Thursday, 29 September 2011
More Information about Georgian Libraries
The library above is in the Georgian House in Bristol. The 18th century was the 'Age of Enlightenment' and any gentleman would be keen to show how well educated and 'enlightened' he was. The library was the perfect place for this to happen. The library as a room in its own right began in the 18th century country houses of the wealthy. Books were still quite expensive at that time, and would usually be beautifully bound in leather with gold embossing. Furniture builders began to design new pieces of furniture to house a gentleman's growing number of books - the book case was born! glass doors kept the books clean, and would often have locks to keep them safe too. But the library wasn't just for housing books, a gentleman would also keep maps (also expensive) and at least one globe, if not a pair, along with telescopes and microscopes. A gentleman was also expected to know about architecture (classical orders etc in keeping with the tastes of the age!) and copies of works by Vitruvius and Palladio would almost certainly have been amongst the books on the shelves, along with a copy of Vitruvius Britannicus by Colen Campbell. They my well have kept architectural plans and drawings on display in the library too. Other paintings and drawings would have been stored or displayed in the library. Display cases may have been used to show off curios or natural wonders collected on the gentleman's travels too. The library might also have housed games and other pastimes, chess boards for example and in the very grandest houses a billiard table, which was growing in popularity in the mid 18th century, but a billiard table would have been purchased at an astronomical price, like having a Ferrari parked in your house!! (it wasn't until later in the 19th century that the billiard table got a room of its own!).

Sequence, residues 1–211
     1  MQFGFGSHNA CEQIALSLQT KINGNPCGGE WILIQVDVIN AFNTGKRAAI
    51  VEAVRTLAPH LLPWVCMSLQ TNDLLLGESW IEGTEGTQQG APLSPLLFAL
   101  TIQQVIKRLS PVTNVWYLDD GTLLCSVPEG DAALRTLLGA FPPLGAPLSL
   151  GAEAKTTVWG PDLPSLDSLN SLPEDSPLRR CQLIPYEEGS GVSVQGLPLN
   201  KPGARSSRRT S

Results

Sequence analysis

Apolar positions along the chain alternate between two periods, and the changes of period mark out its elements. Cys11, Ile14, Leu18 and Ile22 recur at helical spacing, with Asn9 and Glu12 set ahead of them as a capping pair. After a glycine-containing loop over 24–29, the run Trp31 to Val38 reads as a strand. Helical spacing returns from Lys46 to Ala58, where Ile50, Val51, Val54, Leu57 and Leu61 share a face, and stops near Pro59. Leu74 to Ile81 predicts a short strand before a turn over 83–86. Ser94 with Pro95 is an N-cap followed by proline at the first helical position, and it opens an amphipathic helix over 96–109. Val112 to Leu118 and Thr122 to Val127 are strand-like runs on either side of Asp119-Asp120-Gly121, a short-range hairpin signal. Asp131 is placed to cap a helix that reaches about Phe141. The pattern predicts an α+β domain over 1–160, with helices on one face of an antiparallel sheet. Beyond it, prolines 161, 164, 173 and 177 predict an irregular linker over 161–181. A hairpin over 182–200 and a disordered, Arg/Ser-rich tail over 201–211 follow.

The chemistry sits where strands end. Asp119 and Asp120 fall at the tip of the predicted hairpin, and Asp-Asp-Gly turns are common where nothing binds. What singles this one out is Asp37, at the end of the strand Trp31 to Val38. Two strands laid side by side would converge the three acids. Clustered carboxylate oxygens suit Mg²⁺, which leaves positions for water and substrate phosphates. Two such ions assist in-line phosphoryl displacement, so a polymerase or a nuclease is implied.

This is a picture of the English Library in the Thorne Room collection